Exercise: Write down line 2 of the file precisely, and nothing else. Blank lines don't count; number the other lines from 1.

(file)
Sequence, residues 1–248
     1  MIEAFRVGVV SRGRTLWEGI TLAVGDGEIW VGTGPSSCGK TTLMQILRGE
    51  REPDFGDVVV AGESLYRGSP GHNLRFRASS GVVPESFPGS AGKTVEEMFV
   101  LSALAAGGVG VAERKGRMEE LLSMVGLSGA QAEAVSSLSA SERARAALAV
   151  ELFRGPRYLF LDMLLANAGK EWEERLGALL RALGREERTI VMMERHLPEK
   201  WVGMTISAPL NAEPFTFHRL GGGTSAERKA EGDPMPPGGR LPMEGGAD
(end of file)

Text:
     1  MIEAFRVGVV SRGRTLWEGI TLAVGDGEIW VGTGPSSCGK TTLMQILRGE